Author(s): Morth JP, Pedersen BP, ToustrupJensen MS, Srensen TL, Petersen J,
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Abstract The Na+,K+-ATPase generates electrochemical gradients for sodium and potassium that are vital to animal cells, exchanging three sodium ions for two potassium ions across the plasma membrane during each cycle of ATP hydrolysis. Here we present the X-ray crystal structure at 3.5 A resolution of the pig renal Na+,K+-ATPase with two rubidium ions bound (as potassium congeners) in an occluded state in the transmembrane part of the alpha-subunit. Several of the residues forming the cavity for rubidium/potassium occlusion in the Na+,K+-ATPase are homologous to those binding calcium in the Ca2+-ATPase of sarco(endo)plasmic reticulum. The beta- and gamma-subunits specific to the Na+,K+-ATPase are associated with transmembrane helices alphaM7/alphaM10 and alphaM9, respectively. The gamma-subunit corresponds to a fragment of the V-type ATPase c subunit. The carboxy terminus of the alpha-subunit is contained within a pocket between transmembrane helices and seems to be a novel regulatory element controlling sodium affinity, possibly influenced by the membrane potential.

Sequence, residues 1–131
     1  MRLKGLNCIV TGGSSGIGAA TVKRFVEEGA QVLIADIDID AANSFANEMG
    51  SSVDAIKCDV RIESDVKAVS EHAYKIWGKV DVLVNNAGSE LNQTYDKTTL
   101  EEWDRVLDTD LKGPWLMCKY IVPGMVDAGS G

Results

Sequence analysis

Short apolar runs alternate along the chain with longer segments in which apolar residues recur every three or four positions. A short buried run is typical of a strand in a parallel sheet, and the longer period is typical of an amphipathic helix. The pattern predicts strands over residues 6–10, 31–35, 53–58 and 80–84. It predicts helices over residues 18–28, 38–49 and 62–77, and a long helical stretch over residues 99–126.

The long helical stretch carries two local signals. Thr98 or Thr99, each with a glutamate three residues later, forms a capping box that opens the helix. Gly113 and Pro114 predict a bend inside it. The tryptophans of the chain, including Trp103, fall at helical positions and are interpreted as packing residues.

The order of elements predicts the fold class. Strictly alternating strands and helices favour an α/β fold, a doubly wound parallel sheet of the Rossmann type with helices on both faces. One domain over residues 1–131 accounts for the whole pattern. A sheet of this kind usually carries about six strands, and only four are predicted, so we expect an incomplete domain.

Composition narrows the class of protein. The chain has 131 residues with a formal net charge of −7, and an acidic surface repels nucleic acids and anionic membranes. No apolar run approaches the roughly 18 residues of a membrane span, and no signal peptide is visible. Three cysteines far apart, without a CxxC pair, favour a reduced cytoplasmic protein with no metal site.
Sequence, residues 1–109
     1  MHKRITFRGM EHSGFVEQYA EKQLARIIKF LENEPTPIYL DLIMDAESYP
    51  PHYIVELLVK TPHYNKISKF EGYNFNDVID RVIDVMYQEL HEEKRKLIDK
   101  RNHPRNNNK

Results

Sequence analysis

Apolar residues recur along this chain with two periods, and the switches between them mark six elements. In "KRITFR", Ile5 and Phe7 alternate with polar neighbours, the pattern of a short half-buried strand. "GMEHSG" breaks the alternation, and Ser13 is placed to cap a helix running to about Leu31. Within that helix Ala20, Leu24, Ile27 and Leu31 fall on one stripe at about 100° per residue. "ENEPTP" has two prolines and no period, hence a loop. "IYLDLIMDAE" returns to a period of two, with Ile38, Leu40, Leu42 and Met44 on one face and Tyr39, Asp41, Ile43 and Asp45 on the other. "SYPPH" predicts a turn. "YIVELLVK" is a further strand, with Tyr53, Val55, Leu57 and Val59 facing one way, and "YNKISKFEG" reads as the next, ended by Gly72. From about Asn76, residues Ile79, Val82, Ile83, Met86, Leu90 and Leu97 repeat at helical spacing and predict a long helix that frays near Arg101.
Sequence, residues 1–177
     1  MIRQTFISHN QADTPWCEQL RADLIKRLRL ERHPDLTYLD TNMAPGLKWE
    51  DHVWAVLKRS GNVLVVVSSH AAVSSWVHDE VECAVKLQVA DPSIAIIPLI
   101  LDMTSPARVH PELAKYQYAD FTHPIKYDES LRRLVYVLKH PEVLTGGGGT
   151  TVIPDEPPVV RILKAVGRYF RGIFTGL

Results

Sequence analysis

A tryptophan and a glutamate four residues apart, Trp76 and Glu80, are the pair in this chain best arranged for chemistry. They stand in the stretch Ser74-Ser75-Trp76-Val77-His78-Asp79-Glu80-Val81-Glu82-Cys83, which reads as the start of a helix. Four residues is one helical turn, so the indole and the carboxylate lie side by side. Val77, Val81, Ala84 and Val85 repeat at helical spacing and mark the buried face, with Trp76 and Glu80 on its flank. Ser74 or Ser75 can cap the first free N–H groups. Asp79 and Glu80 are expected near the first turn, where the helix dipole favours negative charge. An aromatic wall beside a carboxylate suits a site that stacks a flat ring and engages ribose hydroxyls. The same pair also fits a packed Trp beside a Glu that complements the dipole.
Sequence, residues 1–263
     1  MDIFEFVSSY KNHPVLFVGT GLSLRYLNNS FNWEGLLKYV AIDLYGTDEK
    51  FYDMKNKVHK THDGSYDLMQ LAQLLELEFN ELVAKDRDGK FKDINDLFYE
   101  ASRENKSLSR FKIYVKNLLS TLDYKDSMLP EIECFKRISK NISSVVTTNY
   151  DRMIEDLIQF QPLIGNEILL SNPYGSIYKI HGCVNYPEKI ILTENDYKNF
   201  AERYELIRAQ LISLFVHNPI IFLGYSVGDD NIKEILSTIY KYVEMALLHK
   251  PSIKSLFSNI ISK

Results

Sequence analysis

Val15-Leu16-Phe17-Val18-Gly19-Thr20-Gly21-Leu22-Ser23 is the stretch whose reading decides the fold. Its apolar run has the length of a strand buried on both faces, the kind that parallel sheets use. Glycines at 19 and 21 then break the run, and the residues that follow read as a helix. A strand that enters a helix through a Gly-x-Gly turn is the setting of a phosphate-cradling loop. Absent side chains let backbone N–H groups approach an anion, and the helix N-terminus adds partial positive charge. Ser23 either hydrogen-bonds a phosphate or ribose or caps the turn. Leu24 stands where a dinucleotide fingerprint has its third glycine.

This article was published in Nature
and referenced in Journal of Glycomics & Lipidomics